Bit by bit, we’ve been exploring the rest of Setúbal. We meant to hike up to Forte de São Filipe this morning, but we got distracted by a really good looking trail through the woods and ended up at the beach, instead.
Every day we discover something new. Yesterday, I strolled through Jardim do Bonfim on my way to a manicure with an absolutely lovely woman named Letitia. (Elda, our realtor/friend, had said, “Don’t be shy if you have questions about anything!” So I said, “Pretty soon I’m going to need a recommendation for a good place to get a manicure.” Next thing I know, Elda had booked me an appointment at her favorite salon.)
As I was walking, admiring the greenery and the rotund Pasmadinhos by artist Mario Pó, I noticed a woman walking toward me with her small, handsome dog.
“I know that woman,” I thought to myself, even though that was crazy because it was only my 6th day in Setúbal and my first time ever setting foot in Bonfim Park. Also, we were both wearing masks so I couldn’t really see her face. But as she drew closer and I studied her hairdo, my conviction grew. I knew this woman.
“Bom dia,” I said tentatively. “Are you Shanna?”
Lucky me, she was Shanna—another writer from California (with a substack newsletter) who lives in Setúbal and has 2+ years in Portugal under her belt. We had met online a couple of months ago, exchanging hellos and small confidences in that cautiously friendly way you do with internet acquaintances. But how random—how delightful—to run into someone here, on this side of the Atlantic, who actually knew who I was when I said my name.
It made me feel as though that kind of thing might be the norm in the not-so-distant future. Setúbal isn’t a huge city; soon it will be a regular occurrence to meet people and run into them around town, later. Because, oh right! I live here now.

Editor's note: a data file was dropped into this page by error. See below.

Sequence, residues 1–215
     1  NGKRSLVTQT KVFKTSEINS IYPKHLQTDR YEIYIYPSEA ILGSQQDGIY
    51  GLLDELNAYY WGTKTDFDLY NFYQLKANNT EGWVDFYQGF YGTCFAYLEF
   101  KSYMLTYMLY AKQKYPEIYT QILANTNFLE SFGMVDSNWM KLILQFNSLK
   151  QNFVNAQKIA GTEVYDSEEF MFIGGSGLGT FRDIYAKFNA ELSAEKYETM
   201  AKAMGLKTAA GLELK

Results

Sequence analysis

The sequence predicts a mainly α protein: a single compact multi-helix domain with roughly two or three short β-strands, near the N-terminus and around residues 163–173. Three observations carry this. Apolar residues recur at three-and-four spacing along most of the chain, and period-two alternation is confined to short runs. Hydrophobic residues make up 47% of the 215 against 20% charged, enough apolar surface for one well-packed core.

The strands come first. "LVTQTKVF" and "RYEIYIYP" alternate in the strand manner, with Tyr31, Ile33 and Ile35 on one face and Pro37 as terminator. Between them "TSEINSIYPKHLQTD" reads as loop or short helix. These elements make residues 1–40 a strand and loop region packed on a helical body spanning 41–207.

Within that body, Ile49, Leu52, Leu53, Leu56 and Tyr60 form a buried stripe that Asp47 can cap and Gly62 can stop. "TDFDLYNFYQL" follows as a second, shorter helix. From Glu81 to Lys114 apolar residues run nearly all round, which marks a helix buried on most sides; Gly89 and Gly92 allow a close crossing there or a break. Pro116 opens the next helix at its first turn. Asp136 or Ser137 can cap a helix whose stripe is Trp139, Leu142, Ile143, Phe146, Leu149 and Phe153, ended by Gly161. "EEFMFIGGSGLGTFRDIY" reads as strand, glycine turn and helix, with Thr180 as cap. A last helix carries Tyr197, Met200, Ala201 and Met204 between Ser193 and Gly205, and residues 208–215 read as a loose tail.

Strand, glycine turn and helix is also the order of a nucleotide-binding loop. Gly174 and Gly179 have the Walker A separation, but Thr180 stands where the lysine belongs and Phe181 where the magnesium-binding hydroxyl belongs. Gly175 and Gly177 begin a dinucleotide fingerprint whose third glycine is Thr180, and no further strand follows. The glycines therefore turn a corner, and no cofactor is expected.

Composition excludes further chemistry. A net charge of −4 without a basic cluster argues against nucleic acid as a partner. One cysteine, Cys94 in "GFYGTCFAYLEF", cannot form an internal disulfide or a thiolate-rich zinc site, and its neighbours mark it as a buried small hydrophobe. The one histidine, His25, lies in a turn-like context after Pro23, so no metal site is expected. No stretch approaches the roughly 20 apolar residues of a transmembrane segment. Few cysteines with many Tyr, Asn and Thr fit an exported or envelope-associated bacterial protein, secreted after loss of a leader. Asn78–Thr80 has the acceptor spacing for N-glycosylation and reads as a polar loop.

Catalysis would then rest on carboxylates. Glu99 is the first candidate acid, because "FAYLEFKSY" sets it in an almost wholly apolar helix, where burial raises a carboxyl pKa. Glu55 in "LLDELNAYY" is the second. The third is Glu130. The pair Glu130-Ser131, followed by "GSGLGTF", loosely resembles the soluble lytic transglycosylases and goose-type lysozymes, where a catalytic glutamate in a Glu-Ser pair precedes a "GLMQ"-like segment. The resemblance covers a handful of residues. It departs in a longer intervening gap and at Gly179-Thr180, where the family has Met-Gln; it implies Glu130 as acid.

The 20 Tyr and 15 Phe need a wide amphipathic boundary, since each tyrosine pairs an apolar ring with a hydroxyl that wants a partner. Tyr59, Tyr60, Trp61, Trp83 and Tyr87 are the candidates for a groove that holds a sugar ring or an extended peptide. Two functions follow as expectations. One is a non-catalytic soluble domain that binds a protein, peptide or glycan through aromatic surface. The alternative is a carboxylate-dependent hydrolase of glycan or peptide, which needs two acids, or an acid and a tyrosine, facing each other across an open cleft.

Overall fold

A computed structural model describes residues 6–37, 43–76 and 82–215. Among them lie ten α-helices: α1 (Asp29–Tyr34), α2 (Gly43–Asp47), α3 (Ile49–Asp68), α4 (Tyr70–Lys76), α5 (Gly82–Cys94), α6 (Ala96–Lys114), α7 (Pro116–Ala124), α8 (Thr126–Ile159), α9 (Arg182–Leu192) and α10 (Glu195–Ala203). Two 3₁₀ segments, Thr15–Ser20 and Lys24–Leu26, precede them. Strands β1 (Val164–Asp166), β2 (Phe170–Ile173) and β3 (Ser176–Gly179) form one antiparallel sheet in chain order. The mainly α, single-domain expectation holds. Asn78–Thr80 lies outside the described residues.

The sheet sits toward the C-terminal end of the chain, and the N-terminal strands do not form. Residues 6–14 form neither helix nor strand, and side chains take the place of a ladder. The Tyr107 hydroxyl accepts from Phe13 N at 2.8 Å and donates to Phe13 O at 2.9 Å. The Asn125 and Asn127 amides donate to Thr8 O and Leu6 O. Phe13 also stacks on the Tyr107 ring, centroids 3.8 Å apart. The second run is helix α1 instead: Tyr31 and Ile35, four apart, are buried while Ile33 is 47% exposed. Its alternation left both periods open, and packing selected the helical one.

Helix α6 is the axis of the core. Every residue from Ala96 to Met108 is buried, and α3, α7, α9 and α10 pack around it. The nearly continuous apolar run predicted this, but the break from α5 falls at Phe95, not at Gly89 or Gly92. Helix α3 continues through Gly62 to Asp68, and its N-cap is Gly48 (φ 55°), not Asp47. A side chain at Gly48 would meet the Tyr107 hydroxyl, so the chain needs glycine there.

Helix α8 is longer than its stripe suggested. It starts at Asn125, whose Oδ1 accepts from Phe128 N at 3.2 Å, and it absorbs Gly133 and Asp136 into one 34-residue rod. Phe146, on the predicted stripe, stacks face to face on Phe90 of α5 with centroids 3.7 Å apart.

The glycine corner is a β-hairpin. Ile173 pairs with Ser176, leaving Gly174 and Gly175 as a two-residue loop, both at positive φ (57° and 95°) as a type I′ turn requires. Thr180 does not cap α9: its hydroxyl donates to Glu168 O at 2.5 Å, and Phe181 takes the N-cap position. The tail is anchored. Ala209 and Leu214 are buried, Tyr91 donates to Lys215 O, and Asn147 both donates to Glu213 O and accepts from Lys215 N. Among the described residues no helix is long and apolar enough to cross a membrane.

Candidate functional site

One of the big (colossal, immense) things I have been looking forward to about this move is a dedicated time and a place to write. For myself—not for a client or corporation. I’ve been looking forward to having the time and place to finish my book. To start a second (!) book, even.
Long ago, when we looked at photos of this house of ours online, I staked out my writing territory in one of the 1st floor bedrooms. (I should note here that in Portugal, “1st floor” is what we call “2nd floor” in the States. Here, the ground floor is zero.) The room is small, with one window that opens out on the the square, but it has a door that will close me off from the rest of the house. Lock me in with my words.
I took screenshots of every photo available of the room (all 3 of them), and envisioned exactly where I’d place my writing desk: near the window, so the breeze and the voices of people at the café below would float across my keyboard. I could picture a fat armchair in the corner with Vila draped across it, and a bookshelf nearby, close enough that I could roll my desk chair over the tiled floor, reach for a book and flip to just the right page for inspiration.
The bookshelf and armchair (and books) aren’t here yet, but the desk is. That’s where I’m sitting, writing, right now.
This little room, this desk and chair, fill me with hope and a deep well of contentment. I am going to do so much in this room. I’m going to tell so many stories here. I’m going to find all the best words.
But right now? Right now I need to go for a walk. Take Vila to the park across the street. Plan tomorrow’s excursion with Marido. Stroll around the corner for a gelado with Filha. She and I (and Vila) have walked to the same (dog-friendly) shop, where she’s ordered a small cone, duas bolas (two scoops)—limão e framboesa (lemon and raspberry), five days in a row now.
For months—for years, really, it felt as if we were dismantling our lives in San Francisco. Taking everything apart; deciding what to keep and what to toss; packing the most precious pieces in cushioned boxes.
But now that we are here, we can begin to assemble those pieces. We can start building this new version of our life. There is so much to learn, so much to discover.
I can already feel myself expanding.